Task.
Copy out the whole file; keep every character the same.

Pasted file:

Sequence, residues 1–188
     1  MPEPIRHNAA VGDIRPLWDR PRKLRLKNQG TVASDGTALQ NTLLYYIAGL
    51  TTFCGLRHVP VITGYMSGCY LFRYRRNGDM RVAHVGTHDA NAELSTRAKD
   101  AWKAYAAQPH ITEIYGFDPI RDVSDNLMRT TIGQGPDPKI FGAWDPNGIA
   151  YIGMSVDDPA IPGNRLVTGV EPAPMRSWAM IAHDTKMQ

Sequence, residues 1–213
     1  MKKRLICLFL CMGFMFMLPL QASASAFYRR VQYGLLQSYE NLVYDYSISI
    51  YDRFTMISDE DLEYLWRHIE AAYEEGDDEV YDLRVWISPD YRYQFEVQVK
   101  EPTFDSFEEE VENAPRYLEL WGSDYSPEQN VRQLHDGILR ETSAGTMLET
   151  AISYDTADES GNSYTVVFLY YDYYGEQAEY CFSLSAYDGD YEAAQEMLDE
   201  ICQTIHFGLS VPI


Sequence, residues 1–188
     1  MPEPIRHNAA VGDIRPLWDR PRKLRLKNQG TVASDGTALQ NTLLYYIAGL
    51  TTFCGLRHVP VITGYMSGCY LFRYRRNGDM RVAHVGTHDA NAELSTRAKD
   101  AWKAYAAQPH ITEIYGFDPI RDVSDNLMRT TIGQGPDPKI FGAWDPNGIA
   151  YIGMSVDDPA IPGNRLVTGV EPAPMRSWAM IAHDTKMQ

Sequence, residues 1–213
     1  MKKRLICLFL CMGFMFMLPL QASASAFYRR VQYGLLQSYE NLVYDYSISI
    51  YDRFTMISDE DLEYLWRHIE AAYEEGDDEV YDLRVWISPD YRYQFEVQVK
   101  EPTFDSFEEE VENAPRYLEL WGSDYSPEQN VRQLHDGILR ETSAGTMLET
   151  AISYDTADES GNSYTVVFLY YDYYGEQAEY CFSLSAYDGD YEAAQEMLDE
   201  ICQTIHFGLS VPI